• PACMA hopes to build on record 2015 vote and win first seats in Congress
• Party fielding candidates for Congress & Senate in all 52 provinces nationwide
Spain’s animal-rights party PACMA hopes to win its first-ever representation in Congress in Sunday’s general election, hurdling the onerous barriers set in place by a national electoral law favoring incumbent parties that kept it from entering the lower house of parliament last year — despite its having won as many votes in the December general election than two other political parties that did secure seats in Congress.
PACMA (which stands for Partido Animalista Contra el Maltrato Animal, or the ‘Animalist Party Against Mistreatment of Animals’) hopes that on Sunday it will exceed its record vote tally from December of 220,369 votes for Congress and 1.034 million votes for the Senate. The party has again fielded candidates for both Congress and the Senate in all 52 provinces in Spain’s 17 regional communities and in the North African enclaves of Melilla and Ceuta — with women comprising an overwhelming majority on PACMA’s lists, accounting for 75 percent of the party’s Congressional candidates and 81 percent of the its candidates for Senate seats.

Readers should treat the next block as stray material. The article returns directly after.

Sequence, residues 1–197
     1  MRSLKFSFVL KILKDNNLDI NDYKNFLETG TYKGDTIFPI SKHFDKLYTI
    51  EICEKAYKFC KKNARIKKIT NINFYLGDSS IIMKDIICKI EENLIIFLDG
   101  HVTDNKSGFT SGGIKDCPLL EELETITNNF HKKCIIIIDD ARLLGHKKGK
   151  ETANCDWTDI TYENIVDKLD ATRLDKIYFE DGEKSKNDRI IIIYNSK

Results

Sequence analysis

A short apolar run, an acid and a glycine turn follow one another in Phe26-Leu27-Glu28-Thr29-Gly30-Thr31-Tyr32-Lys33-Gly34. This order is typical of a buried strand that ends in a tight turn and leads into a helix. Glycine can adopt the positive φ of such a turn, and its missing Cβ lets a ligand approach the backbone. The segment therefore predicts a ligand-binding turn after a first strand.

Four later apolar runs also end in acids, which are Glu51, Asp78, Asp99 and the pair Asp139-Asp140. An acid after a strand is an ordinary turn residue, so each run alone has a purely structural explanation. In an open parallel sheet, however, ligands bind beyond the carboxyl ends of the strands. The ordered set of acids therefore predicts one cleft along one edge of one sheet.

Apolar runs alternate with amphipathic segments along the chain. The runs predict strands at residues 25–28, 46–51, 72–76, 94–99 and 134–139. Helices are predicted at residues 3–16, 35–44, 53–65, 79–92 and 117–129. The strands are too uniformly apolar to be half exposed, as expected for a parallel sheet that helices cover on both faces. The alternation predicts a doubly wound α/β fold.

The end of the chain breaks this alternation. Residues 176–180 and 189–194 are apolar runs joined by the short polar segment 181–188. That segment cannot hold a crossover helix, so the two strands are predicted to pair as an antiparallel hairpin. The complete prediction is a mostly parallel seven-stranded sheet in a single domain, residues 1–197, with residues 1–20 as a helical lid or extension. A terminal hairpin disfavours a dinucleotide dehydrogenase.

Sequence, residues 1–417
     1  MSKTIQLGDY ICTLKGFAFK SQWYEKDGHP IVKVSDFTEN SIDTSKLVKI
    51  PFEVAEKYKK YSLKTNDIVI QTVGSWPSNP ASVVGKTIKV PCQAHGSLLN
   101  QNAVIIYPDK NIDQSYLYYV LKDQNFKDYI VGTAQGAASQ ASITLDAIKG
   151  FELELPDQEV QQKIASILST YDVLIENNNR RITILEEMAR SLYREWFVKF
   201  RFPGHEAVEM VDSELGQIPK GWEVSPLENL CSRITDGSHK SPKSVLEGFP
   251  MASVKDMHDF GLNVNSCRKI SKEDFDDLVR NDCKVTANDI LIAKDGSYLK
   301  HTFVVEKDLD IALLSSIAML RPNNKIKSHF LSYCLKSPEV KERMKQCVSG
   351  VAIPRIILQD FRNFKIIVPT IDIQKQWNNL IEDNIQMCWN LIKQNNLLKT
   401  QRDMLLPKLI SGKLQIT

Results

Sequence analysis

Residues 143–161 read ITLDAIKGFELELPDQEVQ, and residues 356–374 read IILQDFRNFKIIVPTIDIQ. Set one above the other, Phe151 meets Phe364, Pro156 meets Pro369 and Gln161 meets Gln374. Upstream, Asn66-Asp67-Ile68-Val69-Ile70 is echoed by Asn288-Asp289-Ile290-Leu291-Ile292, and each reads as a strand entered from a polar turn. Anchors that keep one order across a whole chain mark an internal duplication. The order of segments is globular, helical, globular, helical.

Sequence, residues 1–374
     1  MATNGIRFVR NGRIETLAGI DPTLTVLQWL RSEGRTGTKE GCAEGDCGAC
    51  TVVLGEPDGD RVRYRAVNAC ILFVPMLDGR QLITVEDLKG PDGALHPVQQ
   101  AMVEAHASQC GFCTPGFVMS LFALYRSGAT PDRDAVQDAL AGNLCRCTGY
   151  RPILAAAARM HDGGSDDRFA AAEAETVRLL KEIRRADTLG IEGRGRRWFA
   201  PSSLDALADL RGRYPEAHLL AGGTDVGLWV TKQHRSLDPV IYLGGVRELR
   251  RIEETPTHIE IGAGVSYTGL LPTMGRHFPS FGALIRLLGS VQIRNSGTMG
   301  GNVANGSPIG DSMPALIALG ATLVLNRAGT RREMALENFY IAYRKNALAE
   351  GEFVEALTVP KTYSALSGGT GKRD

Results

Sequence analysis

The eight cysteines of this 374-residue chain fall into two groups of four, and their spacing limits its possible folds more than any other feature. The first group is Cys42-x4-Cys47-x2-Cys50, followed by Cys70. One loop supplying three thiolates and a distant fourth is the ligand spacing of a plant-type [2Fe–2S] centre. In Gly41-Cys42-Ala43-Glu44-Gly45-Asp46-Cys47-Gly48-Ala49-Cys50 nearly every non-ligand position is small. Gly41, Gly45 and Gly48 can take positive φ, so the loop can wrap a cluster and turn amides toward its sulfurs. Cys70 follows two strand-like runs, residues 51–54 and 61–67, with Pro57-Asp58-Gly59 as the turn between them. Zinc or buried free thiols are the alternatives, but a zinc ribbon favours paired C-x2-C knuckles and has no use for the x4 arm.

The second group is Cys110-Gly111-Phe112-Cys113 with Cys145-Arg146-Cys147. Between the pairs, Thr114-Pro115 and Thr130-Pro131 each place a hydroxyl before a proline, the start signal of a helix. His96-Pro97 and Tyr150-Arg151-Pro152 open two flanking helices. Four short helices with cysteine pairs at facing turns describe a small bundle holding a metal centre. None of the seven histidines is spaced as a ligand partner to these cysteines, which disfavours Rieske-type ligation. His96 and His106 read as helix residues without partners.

The party hopes to increase its share of the vote sufficiently in Sunday’s election to overcome the obstacle of a national electoral law skewed against new parties, while favoring incumbent parties that receive similar numbers of votes. PACMA was awarded no seats in Congress for its 220,369 votes won in the last election, yet the same number of votes netted two seats for the Basque separatist party Bildu and just 300,000 votes garnered six seats in Congress for the Basque Nationalist Party (PNV-EAJ).
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